What is the poem saying in "Ars Poetica" by Archibald MacLeish?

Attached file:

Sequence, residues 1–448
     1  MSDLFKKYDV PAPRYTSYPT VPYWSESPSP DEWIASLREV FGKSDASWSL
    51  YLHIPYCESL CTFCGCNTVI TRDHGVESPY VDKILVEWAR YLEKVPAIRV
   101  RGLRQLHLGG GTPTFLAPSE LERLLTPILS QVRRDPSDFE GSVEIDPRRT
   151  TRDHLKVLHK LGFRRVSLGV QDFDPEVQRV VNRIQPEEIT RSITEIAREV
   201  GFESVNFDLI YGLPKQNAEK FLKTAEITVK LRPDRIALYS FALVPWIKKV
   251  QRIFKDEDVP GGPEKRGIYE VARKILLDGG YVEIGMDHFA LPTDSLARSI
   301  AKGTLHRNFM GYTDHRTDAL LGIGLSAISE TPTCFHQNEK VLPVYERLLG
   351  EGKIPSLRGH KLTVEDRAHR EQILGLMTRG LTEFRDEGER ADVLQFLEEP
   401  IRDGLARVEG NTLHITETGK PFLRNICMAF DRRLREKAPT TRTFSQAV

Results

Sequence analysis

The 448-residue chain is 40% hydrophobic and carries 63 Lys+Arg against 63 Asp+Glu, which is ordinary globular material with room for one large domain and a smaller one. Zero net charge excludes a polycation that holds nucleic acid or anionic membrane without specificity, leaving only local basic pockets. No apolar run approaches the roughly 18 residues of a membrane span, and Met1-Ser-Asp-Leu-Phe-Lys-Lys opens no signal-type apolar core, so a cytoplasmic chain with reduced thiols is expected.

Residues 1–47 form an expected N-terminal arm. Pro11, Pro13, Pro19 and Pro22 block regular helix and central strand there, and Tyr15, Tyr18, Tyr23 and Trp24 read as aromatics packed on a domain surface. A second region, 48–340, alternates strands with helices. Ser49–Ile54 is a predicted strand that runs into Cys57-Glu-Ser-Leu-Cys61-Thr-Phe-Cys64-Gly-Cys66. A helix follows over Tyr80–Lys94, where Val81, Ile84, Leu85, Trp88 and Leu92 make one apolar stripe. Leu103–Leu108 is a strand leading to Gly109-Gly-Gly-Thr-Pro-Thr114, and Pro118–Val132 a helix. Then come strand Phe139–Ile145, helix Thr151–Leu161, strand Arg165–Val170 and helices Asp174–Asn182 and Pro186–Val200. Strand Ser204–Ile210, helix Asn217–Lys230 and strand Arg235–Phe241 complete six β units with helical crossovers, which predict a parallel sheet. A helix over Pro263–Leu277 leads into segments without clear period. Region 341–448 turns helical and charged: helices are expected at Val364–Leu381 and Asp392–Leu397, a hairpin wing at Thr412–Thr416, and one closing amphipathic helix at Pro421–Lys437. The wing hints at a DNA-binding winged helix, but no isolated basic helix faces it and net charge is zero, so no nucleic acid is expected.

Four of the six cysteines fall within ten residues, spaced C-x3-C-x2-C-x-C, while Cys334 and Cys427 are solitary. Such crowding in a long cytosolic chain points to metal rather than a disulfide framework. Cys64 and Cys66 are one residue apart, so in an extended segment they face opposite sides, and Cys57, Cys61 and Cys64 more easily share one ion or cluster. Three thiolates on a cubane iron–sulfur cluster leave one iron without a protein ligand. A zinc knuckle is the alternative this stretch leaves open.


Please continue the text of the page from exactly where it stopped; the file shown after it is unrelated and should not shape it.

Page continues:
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Archibald MacLeish's poem, "Ars Poetica" is about the art of poetry. In it MacLeish leans heavily toward the idea of concrete imagery. Each of the 12 couplets that comprise this poem give a simple, concrete definition of poetry that pit images against common things such as stone worn down by many people (sleeves) having rubbed against it or an open, abandoned doorway littered with fallen leaves. The idea is that these images are clear in the mind of the reader, as clear as they were in the mind of the poet, thus the poetry has succeeded in giving the reader the same feelings the poet had when he wrote the poem. MacLeish feels that a poem's job is to do just that - recreate in the mind of the reader the same image the poet had as he created the poem. In that regard the poem could be viewed as an instruction on how to write a poem.
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